Josh Hayes Reviews Daytona 2013

March 18, 2013
Byron Wilson
Byron Wilson
Associate Editor|Articles|Articles RSS

Byron's sure to be hunched over a laptop after the checkers are flown, caught in his own little version of heaven. Whether on dirt, street or a combination of both, MotoUSA's newest addition knows the only thing better than actually riding is telling the story of how things went down.

Defending AMA Pro National Guard SuperBike champion, Josh Hayes of Monster Energy Graves Yamaha, left the 2013 season opener at Daytona with zero points and plenty of frustration. The Mississippi native never got a fair chance to contend for the SuperBike wins due to mechanical failures which took him out of competition in both races. Hayes sat down after the Daytona 200 for an impromptu press conference to give some explanation of what happened, to offer his thoughts on his wife, Melissa Paris, and her top-10 finish in the 200 and to chat a bit about what comes next.


Mechanical failures ending both SuperBike races early.

“Yesterday (SuperBike Race 1) we had the unfortunate incident of me being hard on equipment. I was trying to get a big start and I did some damage to the clutch and it took a little bit of time for me to kill it. I got a few good laps out of it at least; unfortunately it finally gave up the ghost after a while. Today’s event, (SuperBike Race 2) to the best of my knowledge, was an engine failure. I don’t know which component in the engine failed, but it gave me a little bit of an indication that it was going bad and then it progressed really quickly as soon as I came down onto the flat off the banking. I got a little hiccup and thought, ‘Am I running out of fuel, what’s going on?’ then things soured really quickly. I was doing my best to get down below the line but I was already getting close to the tri-oval, and when I got onto the paint the thing started swapping ends pretty quick and I ended up above the line. So I was just trying to stay close to the left side of the track and I was going to roll around until it was safe to get across but by the time I got down into Turn 1 I heard a bit of a clunk and the thing went sideways and kind of spit me off to the right. Fortunately I got across there safely. It was just an unfortunate event. I don’t know why or what happened, it didn’t give me any indication before then.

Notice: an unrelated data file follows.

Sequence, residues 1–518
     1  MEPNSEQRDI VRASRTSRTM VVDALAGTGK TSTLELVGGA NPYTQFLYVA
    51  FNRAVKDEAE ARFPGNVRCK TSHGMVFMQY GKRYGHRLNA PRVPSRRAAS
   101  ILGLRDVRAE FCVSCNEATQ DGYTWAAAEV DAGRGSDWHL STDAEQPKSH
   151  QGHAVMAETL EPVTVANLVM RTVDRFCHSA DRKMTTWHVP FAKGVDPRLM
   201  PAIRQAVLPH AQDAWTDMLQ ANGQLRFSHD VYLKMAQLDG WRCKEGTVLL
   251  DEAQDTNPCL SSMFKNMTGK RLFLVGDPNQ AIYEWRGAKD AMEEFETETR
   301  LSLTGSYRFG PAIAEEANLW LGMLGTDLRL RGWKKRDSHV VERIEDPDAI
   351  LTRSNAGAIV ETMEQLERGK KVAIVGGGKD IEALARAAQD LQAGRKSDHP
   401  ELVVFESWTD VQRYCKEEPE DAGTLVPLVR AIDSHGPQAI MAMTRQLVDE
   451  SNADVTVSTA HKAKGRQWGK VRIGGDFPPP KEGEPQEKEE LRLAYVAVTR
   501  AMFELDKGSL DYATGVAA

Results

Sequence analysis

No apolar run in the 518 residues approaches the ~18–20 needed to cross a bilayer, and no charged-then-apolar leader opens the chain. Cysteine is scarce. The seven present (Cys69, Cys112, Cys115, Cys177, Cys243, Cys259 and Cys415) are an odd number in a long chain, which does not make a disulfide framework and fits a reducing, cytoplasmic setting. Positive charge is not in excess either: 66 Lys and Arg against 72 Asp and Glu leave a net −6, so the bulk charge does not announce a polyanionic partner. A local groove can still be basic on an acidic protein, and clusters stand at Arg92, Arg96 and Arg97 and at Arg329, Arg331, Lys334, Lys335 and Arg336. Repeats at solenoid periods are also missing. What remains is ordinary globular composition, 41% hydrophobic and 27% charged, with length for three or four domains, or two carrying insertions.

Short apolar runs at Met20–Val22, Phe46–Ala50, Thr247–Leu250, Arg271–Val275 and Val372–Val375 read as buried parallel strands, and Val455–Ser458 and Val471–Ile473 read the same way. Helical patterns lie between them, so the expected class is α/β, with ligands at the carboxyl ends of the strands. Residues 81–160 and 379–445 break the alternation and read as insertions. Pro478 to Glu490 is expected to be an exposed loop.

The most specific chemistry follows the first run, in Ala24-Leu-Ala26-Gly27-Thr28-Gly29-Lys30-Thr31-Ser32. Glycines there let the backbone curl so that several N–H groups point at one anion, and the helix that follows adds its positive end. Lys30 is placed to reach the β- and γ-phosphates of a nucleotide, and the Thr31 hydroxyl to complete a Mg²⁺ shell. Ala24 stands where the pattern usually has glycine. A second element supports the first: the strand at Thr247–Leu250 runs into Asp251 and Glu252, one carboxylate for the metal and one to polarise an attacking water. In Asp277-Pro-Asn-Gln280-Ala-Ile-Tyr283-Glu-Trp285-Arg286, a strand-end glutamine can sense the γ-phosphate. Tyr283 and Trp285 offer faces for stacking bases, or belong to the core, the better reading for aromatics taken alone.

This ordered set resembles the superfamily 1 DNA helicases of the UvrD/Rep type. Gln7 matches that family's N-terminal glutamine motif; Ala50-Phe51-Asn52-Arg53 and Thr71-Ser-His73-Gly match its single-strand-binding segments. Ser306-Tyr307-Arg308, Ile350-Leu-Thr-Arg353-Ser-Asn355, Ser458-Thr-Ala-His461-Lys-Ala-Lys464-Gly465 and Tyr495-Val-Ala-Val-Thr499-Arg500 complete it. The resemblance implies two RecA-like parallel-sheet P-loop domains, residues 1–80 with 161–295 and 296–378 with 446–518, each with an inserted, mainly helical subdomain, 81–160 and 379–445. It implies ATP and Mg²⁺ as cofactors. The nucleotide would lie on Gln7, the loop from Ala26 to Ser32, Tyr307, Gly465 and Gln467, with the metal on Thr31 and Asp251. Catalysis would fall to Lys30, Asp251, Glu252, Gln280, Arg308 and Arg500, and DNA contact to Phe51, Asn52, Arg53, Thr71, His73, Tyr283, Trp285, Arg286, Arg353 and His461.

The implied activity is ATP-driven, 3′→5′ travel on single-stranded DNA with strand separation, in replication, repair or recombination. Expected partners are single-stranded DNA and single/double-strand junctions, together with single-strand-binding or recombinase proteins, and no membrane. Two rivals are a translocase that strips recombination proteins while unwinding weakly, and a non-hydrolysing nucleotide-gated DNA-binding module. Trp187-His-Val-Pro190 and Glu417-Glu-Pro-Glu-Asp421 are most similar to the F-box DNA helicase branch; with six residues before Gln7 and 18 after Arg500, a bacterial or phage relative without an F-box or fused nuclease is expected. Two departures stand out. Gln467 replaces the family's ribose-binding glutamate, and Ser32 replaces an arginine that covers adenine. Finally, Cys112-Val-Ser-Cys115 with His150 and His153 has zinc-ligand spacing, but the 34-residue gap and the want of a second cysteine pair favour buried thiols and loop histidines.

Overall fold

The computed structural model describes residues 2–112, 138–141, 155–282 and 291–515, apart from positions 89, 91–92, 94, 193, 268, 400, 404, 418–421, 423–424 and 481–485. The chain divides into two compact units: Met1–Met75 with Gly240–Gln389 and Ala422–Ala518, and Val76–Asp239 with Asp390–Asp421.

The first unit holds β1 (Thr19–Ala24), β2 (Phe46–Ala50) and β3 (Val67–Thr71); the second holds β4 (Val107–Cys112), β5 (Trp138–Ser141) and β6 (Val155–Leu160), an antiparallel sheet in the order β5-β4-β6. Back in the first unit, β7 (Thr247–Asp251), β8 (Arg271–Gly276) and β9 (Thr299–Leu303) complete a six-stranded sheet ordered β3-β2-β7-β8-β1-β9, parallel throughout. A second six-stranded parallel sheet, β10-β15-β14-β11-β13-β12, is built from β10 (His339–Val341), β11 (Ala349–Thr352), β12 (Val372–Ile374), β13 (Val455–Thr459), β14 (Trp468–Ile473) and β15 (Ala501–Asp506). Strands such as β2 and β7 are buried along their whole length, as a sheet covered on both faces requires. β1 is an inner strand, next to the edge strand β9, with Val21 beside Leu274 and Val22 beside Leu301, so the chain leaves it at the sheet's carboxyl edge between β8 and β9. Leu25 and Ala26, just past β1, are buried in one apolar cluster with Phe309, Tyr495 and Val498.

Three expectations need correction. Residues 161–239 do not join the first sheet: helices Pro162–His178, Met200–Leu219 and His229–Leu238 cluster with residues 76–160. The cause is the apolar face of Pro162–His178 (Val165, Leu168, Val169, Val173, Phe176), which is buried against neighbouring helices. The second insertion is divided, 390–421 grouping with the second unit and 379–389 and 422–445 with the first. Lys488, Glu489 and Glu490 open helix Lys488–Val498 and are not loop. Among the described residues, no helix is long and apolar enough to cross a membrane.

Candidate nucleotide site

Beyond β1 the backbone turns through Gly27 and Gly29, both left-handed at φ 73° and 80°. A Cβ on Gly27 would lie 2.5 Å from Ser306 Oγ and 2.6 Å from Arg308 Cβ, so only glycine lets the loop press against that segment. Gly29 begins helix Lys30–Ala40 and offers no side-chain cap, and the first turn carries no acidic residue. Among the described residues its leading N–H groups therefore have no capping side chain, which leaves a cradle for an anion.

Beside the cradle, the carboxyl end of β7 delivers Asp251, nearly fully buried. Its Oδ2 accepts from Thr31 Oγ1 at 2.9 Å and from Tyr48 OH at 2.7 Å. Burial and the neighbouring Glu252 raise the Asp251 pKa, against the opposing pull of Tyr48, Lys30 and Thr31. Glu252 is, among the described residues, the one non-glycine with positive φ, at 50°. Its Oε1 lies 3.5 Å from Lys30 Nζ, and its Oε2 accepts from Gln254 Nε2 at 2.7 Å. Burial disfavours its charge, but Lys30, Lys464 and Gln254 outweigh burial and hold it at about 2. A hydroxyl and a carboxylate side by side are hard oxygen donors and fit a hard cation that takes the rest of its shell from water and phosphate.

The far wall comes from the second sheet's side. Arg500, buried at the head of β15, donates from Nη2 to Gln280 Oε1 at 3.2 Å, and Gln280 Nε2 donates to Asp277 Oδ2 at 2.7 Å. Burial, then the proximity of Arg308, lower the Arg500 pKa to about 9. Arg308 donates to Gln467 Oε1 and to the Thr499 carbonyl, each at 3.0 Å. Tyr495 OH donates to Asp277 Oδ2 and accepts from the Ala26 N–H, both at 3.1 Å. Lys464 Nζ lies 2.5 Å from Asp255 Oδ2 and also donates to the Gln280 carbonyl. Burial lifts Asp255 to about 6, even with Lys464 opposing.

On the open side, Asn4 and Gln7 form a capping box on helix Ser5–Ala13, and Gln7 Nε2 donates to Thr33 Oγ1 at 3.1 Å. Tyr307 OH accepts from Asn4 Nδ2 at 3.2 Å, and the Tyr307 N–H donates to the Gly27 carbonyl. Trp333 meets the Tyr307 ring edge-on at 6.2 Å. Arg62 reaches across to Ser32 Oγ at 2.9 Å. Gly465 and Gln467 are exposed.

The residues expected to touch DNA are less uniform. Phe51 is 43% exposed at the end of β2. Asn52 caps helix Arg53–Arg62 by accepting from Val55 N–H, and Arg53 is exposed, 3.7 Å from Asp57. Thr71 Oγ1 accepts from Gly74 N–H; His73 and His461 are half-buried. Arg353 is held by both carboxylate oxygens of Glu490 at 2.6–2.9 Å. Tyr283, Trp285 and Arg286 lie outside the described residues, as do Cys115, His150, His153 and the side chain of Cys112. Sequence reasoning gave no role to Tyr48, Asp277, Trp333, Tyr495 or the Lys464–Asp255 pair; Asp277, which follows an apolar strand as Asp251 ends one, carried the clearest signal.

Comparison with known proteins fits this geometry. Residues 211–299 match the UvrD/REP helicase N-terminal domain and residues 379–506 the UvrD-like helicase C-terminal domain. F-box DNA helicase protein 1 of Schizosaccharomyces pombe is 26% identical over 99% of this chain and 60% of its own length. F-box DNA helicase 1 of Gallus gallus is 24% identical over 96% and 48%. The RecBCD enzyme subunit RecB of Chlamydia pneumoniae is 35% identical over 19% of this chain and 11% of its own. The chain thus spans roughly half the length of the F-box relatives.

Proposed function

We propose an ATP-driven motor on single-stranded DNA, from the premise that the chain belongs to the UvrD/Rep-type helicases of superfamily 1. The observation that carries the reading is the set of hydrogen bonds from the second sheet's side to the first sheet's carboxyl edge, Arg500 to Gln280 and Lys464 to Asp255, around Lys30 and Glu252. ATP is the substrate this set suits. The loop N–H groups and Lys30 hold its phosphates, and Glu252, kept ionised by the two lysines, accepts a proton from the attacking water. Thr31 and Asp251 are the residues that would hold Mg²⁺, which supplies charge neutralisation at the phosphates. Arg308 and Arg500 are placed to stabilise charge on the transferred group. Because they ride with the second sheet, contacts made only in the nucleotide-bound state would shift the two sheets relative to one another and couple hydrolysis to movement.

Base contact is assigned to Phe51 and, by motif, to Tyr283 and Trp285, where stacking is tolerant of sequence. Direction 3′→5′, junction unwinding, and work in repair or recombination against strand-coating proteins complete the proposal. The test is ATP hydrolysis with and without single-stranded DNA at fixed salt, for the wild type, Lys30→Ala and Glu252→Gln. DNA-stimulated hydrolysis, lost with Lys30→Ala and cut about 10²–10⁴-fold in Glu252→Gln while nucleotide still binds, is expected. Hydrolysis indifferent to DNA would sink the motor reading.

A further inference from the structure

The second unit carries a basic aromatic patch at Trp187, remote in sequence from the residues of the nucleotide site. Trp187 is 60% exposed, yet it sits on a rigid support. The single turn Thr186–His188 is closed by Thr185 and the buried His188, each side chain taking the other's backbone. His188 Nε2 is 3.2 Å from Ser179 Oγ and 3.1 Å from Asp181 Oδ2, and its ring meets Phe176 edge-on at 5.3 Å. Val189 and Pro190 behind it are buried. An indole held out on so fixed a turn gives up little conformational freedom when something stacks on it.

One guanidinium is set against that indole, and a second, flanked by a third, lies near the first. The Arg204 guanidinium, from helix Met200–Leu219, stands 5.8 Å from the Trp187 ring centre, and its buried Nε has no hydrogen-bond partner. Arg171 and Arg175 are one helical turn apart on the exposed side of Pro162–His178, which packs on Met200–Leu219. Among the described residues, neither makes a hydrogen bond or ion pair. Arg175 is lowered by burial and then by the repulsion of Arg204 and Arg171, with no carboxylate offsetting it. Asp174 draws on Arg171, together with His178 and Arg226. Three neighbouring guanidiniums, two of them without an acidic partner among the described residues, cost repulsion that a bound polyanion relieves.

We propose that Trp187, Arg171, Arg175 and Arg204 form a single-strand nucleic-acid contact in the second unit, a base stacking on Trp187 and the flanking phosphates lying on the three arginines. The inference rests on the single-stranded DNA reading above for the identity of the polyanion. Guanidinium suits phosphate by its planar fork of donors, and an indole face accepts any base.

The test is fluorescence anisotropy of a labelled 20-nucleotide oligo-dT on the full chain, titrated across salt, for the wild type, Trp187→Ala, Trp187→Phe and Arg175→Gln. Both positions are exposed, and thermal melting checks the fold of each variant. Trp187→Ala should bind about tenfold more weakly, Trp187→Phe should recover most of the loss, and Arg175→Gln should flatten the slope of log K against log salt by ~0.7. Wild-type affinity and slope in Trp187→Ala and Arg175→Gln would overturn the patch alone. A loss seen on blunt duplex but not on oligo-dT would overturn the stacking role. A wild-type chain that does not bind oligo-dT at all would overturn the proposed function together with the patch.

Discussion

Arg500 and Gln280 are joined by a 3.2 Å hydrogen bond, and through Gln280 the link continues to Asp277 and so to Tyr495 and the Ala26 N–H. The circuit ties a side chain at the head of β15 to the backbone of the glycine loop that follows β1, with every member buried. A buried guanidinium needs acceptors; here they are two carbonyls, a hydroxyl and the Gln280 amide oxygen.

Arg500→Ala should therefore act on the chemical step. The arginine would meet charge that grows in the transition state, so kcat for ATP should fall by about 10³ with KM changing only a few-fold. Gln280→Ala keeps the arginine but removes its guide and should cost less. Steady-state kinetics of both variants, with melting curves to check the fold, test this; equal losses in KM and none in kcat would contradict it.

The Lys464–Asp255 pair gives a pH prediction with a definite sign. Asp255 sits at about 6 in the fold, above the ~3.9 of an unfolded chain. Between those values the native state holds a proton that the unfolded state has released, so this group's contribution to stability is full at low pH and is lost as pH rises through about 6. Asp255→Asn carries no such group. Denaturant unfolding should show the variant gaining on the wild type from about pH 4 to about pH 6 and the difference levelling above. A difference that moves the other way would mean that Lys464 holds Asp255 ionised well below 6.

Melissa’s ride.

“Today (Saturday) turned it around a little bit for me. Having these two boys (Beaubier and Gerloff) finish first and second in the 200 and then seeing Melissa run ninth. I really feel she earned a ninth-place finish, unfortunately she had the ride-through penalty but you know a top-10 in the Daytona 200 is quite an accomplishment, I’m super proud of her. It was nice to see her get some TV time and watching her ride is really nice, she doesn’t look like she rides like a girl, I like that.”

Josh Herrin.